For a toilet to be considered off grid it must not be hooked up to municipal services. This means no electricity from the grid but also no municipal water or sewer either.
A septic system is the most common type of waste management for homes not connected to the municipal sewer system. And while many homes with septic systems aren’t technically off grid, it’s still an option for off-grid living.
Composting toilets are one of the very best options for doing your off-grid business. They take human waste and break it down into rich organic compost.
In a short-term emergency, there isn’t a much better option than a couple of bucket toilets in the garage for most people. Essentially a bucket toilet is two buckets with seats.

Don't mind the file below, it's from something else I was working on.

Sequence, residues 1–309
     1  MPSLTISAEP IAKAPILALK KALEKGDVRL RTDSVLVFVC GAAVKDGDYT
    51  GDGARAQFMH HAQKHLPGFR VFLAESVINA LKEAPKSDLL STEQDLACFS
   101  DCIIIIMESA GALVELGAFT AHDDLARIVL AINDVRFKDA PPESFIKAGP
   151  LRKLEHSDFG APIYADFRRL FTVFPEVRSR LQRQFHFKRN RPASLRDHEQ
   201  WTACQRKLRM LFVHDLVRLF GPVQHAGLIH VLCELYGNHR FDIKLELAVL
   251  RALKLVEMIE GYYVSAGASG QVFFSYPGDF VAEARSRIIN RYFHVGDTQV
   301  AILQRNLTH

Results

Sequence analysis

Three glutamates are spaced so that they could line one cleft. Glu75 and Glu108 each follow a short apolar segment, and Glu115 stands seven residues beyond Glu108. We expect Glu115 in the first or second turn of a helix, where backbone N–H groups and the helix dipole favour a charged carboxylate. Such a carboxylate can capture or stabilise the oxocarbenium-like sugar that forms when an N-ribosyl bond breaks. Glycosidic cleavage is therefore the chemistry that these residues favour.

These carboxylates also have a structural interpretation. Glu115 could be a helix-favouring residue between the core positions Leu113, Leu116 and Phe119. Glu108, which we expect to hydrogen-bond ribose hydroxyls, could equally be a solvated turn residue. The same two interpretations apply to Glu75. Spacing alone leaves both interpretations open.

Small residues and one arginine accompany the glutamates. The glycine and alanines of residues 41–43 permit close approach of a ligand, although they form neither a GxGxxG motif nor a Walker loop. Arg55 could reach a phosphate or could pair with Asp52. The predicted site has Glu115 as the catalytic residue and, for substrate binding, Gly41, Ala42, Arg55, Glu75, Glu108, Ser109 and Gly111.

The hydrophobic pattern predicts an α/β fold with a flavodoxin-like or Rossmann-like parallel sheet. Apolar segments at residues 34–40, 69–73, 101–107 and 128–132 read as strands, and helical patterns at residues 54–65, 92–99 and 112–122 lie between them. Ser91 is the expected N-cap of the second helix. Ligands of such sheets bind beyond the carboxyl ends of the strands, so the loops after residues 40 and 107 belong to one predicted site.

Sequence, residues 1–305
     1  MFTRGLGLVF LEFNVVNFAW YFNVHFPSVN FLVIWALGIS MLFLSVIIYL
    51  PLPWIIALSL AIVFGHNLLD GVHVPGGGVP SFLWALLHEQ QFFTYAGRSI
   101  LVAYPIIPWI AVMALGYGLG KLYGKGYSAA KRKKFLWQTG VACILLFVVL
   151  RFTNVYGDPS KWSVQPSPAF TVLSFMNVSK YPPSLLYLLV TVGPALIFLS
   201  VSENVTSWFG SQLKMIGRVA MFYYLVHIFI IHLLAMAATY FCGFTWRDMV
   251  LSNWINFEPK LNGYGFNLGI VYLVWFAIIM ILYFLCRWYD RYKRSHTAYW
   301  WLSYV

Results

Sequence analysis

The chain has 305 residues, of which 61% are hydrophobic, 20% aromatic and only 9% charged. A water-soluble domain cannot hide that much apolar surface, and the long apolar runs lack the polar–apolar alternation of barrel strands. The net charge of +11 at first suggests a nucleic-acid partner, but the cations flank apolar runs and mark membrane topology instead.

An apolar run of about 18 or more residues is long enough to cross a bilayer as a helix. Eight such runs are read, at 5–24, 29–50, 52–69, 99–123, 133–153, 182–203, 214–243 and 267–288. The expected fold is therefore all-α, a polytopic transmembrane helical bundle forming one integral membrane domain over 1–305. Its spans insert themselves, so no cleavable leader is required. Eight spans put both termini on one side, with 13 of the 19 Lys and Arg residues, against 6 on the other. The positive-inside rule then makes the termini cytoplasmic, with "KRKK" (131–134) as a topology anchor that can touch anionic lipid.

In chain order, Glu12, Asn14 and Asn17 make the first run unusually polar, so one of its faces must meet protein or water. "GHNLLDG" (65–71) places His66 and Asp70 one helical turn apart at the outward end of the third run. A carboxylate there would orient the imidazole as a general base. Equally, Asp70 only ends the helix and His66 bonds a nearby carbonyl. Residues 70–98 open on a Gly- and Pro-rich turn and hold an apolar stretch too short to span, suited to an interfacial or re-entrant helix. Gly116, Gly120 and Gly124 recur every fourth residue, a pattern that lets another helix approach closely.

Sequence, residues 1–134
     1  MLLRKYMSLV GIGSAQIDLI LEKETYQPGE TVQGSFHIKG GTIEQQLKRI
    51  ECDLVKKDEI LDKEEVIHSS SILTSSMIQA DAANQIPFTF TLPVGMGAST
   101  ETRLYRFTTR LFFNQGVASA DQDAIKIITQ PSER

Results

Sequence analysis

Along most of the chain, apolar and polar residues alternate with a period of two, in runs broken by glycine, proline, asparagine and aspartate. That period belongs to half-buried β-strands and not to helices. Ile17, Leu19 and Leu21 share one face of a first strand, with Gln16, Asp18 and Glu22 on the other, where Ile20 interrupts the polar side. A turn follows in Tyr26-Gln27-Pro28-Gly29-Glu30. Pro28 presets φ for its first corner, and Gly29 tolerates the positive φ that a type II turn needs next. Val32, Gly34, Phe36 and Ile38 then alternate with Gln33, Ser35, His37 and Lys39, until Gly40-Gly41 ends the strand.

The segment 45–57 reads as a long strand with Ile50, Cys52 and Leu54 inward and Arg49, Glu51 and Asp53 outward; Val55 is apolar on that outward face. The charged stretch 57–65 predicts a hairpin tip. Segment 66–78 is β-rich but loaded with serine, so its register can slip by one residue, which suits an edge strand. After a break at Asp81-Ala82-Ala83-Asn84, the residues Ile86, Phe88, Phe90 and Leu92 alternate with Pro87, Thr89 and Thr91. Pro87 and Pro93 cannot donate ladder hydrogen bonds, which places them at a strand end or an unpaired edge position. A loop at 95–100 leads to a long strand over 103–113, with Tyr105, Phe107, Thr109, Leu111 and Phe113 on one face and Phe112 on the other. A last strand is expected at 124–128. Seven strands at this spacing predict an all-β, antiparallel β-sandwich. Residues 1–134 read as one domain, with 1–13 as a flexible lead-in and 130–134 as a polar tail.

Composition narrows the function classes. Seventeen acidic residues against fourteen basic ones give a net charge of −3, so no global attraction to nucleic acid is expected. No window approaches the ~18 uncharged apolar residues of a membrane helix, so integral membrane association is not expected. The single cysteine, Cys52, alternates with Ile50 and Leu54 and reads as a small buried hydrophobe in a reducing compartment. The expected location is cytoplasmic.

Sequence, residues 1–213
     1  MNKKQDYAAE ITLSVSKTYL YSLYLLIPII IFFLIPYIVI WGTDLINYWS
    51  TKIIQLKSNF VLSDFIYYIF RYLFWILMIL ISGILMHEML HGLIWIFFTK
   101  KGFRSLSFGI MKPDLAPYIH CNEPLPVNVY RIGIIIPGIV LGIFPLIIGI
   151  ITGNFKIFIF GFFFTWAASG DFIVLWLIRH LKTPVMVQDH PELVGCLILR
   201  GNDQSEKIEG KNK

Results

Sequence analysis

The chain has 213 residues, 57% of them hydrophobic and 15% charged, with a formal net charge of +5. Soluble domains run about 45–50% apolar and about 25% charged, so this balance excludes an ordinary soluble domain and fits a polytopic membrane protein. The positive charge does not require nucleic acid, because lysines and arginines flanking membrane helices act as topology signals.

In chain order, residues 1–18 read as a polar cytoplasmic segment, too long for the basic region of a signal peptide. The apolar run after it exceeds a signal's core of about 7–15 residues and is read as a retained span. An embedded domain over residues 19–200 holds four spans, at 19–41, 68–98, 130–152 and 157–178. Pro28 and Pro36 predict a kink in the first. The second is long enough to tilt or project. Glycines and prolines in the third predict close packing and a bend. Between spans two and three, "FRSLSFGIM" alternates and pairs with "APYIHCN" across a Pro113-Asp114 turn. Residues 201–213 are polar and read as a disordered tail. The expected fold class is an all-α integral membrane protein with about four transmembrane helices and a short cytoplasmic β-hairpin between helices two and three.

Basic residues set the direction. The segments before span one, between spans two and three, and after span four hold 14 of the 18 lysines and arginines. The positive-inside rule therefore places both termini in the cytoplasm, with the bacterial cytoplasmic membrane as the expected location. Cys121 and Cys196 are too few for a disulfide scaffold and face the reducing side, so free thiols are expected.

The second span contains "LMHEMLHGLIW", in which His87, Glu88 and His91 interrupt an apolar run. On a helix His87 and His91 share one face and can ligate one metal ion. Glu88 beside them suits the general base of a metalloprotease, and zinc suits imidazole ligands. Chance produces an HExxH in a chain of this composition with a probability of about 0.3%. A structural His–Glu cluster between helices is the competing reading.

The chemical toilet we are most familiar with is probably the often maligned porta-potty you get to use at public events or on construction sites. Several manufacturers make smaller versions for home use as well.
When you “flush” a dry toilet, the bag inside twists shut, creating an air-tight and odorless seal. The sealing process does take a small amount of power, which can be supplied by a 12-volt battery or solar panel.
Latrines are essentially a hole in the ground with a shelter and seat to do your business. If you have the space on your property, a latrine can still be a good simple option for a long-term off-grid toilet.